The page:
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SERMON XVIII.

THE CHARACTER AND FAITH OF

DAVID.

i Samuel, xxx. 6.

But David encouraged himself in the Lord his God.

The children of God may be sorely assaulted and distressed-greatly distressed--from within and without. So holy David appears to have been in the passage before us. But then they are not without hope; they are not driven at random from wave to wave of misery. The helm of divine faith is not lost. They have a cheerful hope, which sweetens the bitterest cup, and renders their situation, when most calamitous, infinitely better than that of the ungodly when most prosperous. David, and men like David, “encourage themselves in the Lord their God,” in all seasons of distress. This is a rock too strong for the proudest and most boisterous waves of hell or Satan, or of adversity to shake. How desirable that we all knew it, and were all “founded upon

it*.” The most godly are so far from being exempt from afflictions, that they are often exposed to the

* Matth. vii, 25.

66 thou

severest. And so little suited is prosperity to the spiritual growth of the soul, that even, in very faith

, fulness to his covenant, the Lord is constrained to afflict his dearest servants, to prevent their ruining themselves. But the godly have the Lord for their God. He is their God in covenant. All shall work together for their good, and all shall end well at last. How light does this thought make present afflictions ! But how heavy are they to the ungodly. They cannot look up to God with comfort. Their prospects beyond the grave will not bear a steady contemplation. Whereas the afflicted soul, who knows the Lord, and can in affliction say, shalt guide me with thy counsel, and afterward receive me to glory;" such a soul may repose in a storm, and triumph in the severest shocks of adversity.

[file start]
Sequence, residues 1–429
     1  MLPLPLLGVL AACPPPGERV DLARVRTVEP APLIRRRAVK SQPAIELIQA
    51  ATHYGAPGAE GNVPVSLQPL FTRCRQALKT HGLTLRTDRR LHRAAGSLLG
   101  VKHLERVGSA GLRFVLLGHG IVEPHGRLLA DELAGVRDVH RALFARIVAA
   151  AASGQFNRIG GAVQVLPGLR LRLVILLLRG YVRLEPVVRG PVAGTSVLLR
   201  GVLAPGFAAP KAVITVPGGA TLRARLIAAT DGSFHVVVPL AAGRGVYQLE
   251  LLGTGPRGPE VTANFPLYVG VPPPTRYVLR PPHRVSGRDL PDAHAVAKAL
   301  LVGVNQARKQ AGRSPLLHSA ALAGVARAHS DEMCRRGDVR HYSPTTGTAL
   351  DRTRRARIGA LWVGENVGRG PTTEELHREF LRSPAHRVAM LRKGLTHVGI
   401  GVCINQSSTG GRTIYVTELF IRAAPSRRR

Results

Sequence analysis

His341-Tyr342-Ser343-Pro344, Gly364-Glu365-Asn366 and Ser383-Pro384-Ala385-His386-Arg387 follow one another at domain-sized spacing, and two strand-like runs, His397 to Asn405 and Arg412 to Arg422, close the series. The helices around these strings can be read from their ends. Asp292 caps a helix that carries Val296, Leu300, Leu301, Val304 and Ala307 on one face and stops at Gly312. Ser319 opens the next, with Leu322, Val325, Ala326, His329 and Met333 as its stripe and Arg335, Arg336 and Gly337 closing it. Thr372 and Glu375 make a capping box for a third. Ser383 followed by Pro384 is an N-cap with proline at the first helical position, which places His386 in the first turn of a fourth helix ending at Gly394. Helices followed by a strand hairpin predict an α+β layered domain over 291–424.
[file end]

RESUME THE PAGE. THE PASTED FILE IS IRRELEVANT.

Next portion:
We will endeavour then, in some measure, to lay open

to you, the spirit of the “man who was raised up on high; the anointed and the sweet Psalmist of Israel.” And that we may do this with the more effect, it will be proper to advert to the very

different situations in which, according to Scripturehistory, we find this servant of God was placed. How wonderfully was he supported and encouraged amidst a sea of afflictions! Surely it must be worth while to examine the principles and motives of such a character as this. Both the godly and the ungodly may derive profit from the inquiry. And it is my earnest prayer, that the Holy Ghost may apply the instructive subject to all sorts of persons.

If there be one man's story and character, in the Old Testament, more useful than any other, for our study and meditation, I should take it to be that of David, king of Israel. He went through the extremes both of prosperity and of adversity. . Scarcely any man had experienced more of both. The exercises of his mind and conscience were also strong, various, animated, and very distinct. You see them painted throughout the book of Psalms. We live in the dregs of time, when religious affections are very much despised. But all the religious feelings to which, by God's help, we would lead you, are, in their substance set forth in the Psalms. Not any state of mind is there, in which a man can be, but some one or other of them will afford him matter and language to exercise his soul in a suitable manner. Holy men, in every age have found the Psalms the richest repository of Christian wisdom and piety. And, it is to be feared, that in reading them at Church, many, who call themselves Christians, carelessly repeat, Sunday after Sunday, those very thoughts and feelings which they despise as enthusiastic in those who fear God.